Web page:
Table 3.

Postdiagnosis vitamin supplement use in association with total mortality and breast cancer recurrence among women who received chemotherapy, SBCSS (N = 4,497)

Total mortalityBreast cancer recurrence
Vitamin useCohortNo. of eventsHRa (95% CI)PNo. of eventsHRa (95% CI)P
Never postdiagnosis2,8552701.00 (referent)3311.00 (referent)
Postdiagnosis use
 Any type1,6421350.89 (0.72–1.09)0.261700.87 (0.72–1.06)0.17
 Any antioxidantb1,267970.82 (0.64–1.04)0.091250.81 (0.66–1.00)0.05
Used during chemotherapy
 Any type1,3391120.91 (0.72–1.14)0.401460.93 (0.76–1.13)0.44
 Any antioxidantb998740.81 (0.62–1.05)0.111010.84 (0.67–1.06)0.13
Did not use during chemotherapy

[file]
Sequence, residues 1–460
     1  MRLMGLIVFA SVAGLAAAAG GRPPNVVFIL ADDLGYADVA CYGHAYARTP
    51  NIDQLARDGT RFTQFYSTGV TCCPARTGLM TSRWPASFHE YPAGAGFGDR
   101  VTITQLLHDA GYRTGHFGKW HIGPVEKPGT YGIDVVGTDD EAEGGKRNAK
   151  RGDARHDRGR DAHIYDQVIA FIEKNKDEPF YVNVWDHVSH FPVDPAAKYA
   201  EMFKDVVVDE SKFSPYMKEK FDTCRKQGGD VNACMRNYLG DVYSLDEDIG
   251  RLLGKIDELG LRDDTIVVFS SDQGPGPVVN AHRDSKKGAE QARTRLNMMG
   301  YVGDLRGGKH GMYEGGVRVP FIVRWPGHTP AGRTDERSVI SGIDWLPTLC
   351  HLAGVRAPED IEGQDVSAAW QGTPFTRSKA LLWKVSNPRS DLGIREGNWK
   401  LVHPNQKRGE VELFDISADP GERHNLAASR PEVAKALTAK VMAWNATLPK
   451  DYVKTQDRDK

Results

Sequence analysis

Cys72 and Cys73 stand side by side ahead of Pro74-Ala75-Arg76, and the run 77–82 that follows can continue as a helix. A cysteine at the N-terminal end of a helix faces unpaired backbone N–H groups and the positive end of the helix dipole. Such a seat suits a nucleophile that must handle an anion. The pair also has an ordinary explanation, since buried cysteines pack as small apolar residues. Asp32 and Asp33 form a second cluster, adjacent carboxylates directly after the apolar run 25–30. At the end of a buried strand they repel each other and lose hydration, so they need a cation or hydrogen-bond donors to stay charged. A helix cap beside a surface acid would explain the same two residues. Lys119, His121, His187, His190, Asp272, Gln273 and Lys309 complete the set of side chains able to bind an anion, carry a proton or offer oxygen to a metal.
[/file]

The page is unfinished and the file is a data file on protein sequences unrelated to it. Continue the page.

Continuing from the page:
Any type303230.79 (0.52–1.22)0.29240.66 (0.43–1.00)0.05
 Any antioxidantb269230.85 (0.55–1.31)0.46240.71 (0.47–1.08)0.11
  • aHRs are adjusted for ER/PR status, TNM stage, radiotherapy, tamoxifen use, education, income, BMI, regular tea consumption, regular exercise participation (MET-hours per week), daily cruciferous vegetable intake, daily soy protein intake, and other vitamin variables in the table. Adjusted HRs and their corresponding 95% CIs were derived from Cox proportional hazards regression models, using age as the time scale.

  • bIncludes women who used vitamin C, vitamin E, and/or multivitamins.